• WebGrid – renders a collection of objects as a grid including paging and sorting. Should output a plain HTML table. Hopefully that’s all there is to it…
  • WebImage – helps in creating images. This also contains methods for basic image operations like rotating – cool!
  • WebMail – used to send emails.

The next helpers have been referred to as “task-based helpers”. They should have been a part of the beta version but they’re not there… I hope they’ll make it to the release version because they are just pure awesomeness:

  • Video – contains methods like Video.Flash, Video.Silverlight and Video.MediaPlayer which allow adding their corresponding HTML tags with ease.
  • Twitter – contains basic twitter operations like rendering the twitter stream for a specified user or the results of a given search.
  • ReCapcha – helps using the reCAPTCHA service.
  • Gravatar – helps consuming a user’s avatar from the Gravatar service.
  • Analytics – provides different methods like GetGoogleHtml, GetStatCounterHtml or GetYahooHtml that render the required javascript code for the different analytics services.

3. Support for Unobtrusive jQuery-Based Ajax

In ASP.NET MVC 3, Ajax.ActionLink, Ajax.RouteLink, Ajax.BeginForm and Ajax.BeginRouteForm will use JQuery to connect to the server. In addition, they will not use inline javascript, and instead they will call functions placed within javascript files.

Same thing applies to client-side validation.

4. Better Extensibility with new Dependency Injection Support

ASP.NET MVC 3 will contain numerous extensibility possibilities. Almost anything can be extended using DI, which opens so much opportunities. Just what extensibility means!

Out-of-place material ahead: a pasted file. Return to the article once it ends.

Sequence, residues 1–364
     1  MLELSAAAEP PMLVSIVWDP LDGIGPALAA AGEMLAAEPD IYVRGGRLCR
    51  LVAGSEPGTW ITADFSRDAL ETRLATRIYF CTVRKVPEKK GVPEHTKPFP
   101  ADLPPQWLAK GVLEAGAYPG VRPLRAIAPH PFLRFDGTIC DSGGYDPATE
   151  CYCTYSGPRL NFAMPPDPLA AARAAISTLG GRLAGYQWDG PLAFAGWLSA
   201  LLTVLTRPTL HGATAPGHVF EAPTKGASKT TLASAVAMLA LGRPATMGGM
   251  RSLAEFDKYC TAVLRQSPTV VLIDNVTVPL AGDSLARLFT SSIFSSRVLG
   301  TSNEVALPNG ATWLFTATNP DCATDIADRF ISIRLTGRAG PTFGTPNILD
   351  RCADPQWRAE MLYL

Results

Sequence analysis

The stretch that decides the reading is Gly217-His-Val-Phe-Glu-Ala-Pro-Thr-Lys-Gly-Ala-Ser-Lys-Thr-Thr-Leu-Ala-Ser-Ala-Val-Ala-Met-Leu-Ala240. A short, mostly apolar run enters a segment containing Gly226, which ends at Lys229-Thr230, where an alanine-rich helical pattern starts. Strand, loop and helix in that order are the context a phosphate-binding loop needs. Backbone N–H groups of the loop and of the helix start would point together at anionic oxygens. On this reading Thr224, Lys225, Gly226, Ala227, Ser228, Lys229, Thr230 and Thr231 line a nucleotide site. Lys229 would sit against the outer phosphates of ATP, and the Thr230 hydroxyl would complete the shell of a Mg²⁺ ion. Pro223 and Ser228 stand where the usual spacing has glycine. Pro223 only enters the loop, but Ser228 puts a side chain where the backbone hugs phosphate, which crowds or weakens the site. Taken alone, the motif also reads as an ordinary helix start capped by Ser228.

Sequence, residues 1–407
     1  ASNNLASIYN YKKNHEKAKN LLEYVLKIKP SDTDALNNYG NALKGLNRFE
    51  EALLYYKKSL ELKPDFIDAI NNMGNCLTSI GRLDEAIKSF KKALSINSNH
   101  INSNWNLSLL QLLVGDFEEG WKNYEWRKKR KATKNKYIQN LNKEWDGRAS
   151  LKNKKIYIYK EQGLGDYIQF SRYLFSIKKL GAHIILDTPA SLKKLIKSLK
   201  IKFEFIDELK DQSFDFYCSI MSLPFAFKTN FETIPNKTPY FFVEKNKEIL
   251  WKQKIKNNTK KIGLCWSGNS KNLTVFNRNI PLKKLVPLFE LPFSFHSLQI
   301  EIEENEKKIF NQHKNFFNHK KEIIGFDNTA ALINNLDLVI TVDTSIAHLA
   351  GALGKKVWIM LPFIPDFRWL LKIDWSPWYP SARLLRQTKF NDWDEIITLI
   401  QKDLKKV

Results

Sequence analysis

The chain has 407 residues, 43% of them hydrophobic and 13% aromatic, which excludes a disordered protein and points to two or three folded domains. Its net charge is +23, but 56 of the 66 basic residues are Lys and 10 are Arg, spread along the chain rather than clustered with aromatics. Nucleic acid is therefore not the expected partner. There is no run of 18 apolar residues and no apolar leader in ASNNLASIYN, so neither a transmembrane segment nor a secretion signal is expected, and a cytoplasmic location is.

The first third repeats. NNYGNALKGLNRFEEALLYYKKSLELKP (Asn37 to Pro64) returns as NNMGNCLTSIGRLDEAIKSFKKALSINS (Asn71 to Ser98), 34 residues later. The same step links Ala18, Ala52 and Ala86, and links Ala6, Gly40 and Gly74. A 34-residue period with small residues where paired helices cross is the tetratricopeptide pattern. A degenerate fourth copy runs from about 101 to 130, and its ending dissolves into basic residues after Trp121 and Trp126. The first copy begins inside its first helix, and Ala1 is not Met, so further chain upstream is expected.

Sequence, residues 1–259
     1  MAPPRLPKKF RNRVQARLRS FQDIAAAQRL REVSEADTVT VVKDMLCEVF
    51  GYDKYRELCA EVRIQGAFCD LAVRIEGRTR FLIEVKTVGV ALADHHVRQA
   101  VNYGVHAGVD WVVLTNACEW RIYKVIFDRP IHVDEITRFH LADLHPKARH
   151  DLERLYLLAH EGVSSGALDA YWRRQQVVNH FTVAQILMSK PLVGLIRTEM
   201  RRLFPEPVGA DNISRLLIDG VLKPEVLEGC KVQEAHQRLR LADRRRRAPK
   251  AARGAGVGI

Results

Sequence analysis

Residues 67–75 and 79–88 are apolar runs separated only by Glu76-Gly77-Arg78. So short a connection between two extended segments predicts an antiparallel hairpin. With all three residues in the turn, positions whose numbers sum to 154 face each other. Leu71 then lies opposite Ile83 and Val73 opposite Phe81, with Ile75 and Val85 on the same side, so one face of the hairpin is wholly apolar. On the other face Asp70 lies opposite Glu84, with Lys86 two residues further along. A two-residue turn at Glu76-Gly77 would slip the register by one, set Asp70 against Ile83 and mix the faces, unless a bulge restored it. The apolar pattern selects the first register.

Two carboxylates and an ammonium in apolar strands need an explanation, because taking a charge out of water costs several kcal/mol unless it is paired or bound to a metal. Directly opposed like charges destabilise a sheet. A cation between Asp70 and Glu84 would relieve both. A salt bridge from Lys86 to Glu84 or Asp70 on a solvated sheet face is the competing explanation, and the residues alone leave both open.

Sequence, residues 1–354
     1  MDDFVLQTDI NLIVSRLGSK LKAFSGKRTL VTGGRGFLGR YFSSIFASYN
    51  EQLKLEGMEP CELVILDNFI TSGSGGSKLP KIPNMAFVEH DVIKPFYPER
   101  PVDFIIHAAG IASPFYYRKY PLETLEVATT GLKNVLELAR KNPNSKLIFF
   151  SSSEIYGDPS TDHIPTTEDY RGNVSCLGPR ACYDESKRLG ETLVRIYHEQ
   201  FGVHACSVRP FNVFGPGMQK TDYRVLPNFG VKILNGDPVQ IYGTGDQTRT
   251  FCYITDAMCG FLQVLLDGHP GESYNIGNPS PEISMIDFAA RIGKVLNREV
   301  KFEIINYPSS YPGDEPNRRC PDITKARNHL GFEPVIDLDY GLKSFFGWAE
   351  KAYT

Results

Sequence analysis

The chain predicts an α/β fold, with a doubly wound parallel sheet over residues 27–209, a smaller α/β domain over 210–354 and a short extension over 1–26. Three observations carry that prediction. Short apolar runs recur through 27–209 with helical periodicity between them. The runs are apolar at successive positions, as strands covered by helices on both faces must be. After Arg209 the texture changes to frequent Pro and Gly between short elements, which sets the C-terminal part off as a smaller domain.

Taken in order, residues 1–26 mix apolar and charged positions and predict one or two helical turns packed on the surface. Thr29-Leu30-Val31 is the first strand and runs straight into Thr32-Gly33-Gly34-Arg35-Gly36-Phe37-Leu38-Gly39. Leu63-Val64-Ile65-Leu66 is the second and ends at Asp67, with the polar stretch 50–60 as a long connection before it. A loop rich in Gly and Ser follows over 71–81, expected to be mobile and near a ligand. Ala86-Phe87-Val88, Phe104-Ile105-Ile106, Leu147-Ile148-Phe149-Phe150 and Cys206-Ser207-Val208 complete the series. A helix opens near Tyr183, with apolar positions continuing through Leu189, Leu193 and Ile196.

Read Brad Wilson’s post for a detailed guide to these new extensibility features.

 

5. NuPack Integration

NuPack is Microsoft’s new packaging system and it is fully integrated with ASP.NET MVC 3. Right click on the References folder in the Solution Explorer and choose “Add Package Reference…”:

The new Add Package Reference option

Now the NuPack UI will open and you can choose from the various different libraries on the online gallery:

NuPack

Pretty cool.

Well, these were my 5 reasons. So browse to http://go.microsoft.com/fwlink/?LinkID=191795, download the beta version and get excited too!

All the best,
Shay.

P.S. I’m not an ASP.NET MVP nor ASP Insider. Everything in this post was taken from various official blog posts and public web sites. Although the sources are as official as they can get (Scott Gu, Phill Haack…) this is only the beta version and as you know, in software – it ain’t over until the very last commit. Therefore, I recommend you check the release notes of every new version to see that no breaking changes were included.